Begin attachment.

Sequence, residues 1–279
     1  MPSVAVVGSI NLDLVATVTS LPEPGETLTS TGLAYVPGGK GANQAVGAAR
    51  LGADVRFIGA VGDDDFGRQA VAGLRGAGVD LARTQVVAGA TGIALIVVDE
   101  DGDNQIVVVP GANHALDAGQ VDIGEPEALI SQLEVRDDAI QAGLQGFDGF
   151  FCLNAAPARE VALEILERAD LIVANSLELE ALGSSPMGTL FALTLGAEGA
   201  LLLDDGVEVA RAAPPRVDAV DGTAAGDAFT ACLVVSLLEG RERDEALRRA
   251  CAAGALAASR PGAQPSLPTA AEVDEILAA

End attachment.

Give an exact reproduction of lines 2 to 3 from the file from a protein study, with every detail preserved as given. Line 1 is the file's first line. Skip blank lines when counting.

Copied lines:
     1  MPSVAVVGSI NLDLVATVTS LPEPGETLTS TGLAYVPGGK GANQAVGAAR
    51  LGADVRFIGA VGDDDFGRQA VAGLRGAGVD LARTQVVAGA TGIALIVVDE